Do fish see color? What Colors can fish not see?

Can you imagine a world without colors? No, right? With colors, our world becomes so enriched and vibrant. I think David Hockney puts it the best way – “I prefer living in color.”

Do you think our little friends in the ocean also see colors? The short answer is yes, but there is an amazing way it all works. A fish can see colors, and they can see colors human eyes can’t.

To learn more about how fish see the world, read ahead.

Can my Fish see colors?

A fish can see, I have talked about it in my other article. Sure, they can see, but this leads us to our next question, can a fish see colors? The short answer is yes, a fish sees color. They see a wide variety of colors; in fact, a fish can see more colors than the human eye.

Speaking of humans, did you know that a human eye contains cells called rods and cones? These cells not only give us our sight, but it also gives us the ability to detect different colors. Why am I telling you this? Well, this is to tell you that a fish also has the same rods and cone cells.

So what exactly are rods and cones? Rods and cells are photoreceptors, which refers to the cells in our eyes that respond to light. Cones are the photoreceptor cells that let a fish see during the day. On the flip side, you will find rod cells that a fish can use to see at night.

The way they see colors may change as you go deep into the water. Why? As you dive into the depths of the ocean, there is no light, which would affect the photoreceptor cells.

So, does this mean all fishes have the ability to see color? Not really. The deep trenches are the darkest place in the ocean, most of which are yet to be explored. At the bottom of the ocean, it is rumored that some fishes don’t even have the ability to see. Even if they did, it doesn’t matter because it is too dark to see anything.

Did you know more people have been to the moon, than the deep trenches of the ocean?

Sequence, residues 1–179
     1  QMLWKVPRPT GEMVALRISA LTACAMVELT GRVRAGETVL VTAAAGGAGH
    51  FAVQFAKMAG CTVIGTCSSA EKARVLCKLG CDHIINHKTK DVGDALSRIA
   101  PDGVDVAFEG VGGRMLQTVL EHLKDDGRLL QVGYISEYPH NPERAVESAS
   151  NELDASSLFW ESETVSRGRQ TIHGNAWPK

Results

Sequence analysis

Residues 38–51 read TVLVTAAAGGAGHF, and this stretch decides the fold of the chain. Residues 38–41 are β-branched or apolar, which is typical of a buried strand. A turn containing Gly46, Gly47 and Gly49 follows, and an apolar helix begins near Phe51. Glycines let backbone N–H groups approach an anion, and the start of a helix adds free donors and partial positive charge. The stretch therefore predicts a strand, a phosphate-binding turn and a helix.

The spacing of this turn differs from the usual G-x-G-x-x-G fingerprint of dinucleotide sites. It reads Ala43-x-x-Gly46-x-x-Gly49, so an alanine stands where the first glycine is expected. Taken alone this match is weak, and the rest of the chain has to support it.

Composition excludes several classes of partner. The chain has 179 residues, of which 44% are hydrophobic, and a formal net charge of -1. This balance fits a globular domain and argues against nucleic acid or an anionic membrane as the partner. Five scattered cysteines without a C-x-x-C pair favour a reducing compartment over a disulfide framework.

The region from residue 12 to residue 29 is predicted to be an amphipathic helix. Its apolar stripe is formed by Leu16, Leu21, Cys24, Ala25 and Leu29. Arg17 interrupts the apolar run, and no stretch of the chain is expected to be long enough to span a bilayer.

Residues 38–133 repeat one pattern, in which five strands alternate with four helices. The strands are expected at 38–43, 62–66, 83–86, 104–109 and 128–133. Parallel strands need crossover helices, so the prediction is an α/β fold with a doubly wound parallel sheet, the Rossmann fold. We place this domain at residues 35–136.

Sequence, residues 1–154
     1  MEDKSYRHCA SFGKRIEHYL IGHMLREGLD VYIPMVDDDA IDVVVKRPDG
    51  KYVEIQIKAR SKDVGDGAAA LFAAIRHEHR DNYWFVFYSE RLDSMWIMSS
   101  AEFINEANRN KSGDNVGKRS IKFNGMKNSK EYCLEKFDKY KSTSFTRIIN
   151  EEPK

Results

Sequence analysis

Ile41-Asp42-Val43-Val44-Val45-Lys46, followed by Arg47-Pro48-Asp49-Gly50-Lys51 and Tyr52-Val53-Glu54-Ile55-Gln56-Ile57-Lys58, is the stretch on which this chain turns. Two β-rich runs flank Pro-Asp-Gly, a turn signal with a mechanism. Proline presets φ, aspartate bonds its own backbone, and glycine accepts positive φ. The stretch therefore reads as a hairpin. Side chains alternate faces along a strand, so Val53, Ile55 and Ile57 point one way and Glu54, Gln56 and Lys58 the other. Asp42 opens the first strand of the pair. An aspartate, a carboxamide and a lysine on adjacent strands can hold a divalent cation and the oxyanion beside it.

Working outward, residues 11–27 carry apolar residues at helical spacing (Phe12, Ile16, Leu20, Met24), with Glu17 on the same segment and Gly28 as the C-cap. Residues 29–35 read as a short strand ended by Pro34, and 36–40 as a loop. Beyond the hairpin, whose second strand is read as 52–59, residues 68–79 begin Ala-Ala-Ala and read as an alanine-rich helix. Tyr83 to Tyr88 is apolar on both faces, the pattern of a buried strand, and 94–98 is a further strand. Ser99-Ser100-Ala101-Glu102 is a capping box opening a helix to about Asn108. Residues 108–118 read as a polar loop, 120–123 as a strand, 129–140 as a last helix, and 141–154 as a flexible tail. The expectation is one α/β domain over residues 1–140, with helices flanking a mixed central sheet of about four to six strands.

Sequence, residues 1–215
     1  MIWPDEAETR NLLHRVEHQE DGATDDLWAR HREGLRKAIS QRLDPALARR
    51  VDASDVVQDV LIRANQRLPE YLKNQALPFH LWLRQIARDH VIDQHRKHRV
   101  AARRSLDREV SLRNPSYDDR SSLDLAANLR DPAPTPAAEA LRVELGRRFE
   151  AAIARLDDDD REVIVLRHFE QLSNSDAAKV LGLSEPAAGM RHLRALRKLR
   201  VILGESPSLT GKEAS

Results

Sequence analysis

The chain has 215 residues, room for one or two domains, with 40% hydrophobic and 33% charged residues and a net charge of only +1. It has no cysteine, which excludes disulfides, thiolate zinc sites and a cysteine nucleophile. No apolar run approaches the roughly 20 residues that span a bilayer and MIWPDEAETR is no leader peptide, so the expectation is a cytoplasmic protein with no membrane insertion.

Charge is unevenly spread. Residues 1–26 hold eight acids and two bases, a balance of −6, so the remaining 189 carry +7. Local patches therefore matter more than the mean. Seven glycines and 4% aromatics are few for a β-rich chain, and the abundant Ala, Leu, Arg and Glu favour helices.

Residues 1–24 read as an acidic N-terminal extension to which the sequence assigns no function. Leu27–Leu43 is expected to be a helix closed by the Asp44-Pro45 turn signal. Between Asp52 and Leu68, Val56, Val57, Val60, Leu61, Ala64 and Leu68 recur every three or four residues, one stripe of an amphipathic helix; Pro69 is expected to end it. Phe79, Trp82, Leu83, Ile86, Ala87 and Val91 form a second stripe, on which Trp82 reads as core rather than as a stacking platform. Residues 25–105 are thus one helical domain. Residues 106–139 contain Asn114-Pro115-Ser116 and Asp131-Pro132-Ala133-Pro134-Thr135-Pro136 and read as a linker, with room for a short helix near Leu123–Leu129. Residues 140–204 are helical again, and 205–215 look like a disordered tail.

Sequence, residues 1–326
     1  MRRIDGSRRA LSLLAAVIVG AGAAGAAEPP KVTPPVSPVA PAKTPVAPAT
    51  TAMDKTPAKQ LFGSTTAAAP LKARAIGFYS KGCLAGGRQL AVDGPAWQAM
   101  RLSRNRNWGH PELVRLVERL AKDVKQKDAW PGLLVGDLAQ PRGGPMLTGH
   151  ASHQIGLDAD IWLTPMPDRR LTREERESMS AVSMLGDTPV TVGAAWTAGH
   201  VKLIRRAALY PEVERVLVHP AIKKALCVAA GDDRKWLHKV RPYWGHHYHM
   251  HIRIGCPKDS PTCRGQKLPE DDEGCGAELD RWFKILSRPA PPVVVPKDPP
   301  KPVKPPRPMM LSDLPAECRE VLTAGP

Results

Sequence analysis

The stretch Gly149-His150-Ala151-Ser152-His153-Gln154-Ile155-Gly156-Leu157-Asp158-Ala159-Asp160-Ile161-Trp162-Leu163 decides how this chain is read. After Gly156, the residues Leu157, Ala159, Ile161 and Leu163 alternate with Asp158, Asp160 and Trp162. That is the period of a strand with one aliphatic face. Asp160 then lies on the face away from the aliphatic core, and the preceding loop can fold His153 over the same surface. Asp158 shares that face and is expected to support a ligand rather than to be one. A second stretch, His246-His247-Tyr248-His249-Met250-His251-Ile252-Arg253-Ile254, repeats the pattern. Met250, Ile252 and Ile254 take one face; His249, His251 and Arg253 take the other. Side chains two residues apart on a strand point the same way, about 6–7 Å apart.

Can Bass See Color? (Video)

Are there any colors that my fish can’t see?

Some fish can see colors with the presence of light. While talking about it with a curious friend, I was questioned; is there a fish that can’t see specific colors? It got me thinking, and I started digging around to see if this is possible.

What did I learn? A fish can see the colors similar to how you and I see colors. In fact, a fish can detect colors a human eye can’t. To understand this, allow me to tell you how a human eye differentiates colors. Our human eyes can only detect colors in the spectrum of red, blue, and green. If you increase or decrease the spectrum, the colors you can see vary.

For instance, a dog can see colors on the spectrum of yellow and blue. What does this mean? It means your dog can’t see the color blue. So which colors can a fish see, that a human eye can’t? Ultraviolet light.

The spectrum of colors an animal or human can see depends on our cone cells. A human eye has three cones, as mentioned earlier, these are red, blue, and green. On the flip side, a fish has four cones, which comprise of red, blue, green, and ultraviolet.

UV Light

The UV light, or in other words, ultraviolet light is the color that our human eyes can’t detect. Why? As the name suggests, the color goes beyond violet, which is where the human eye color spectrum ends.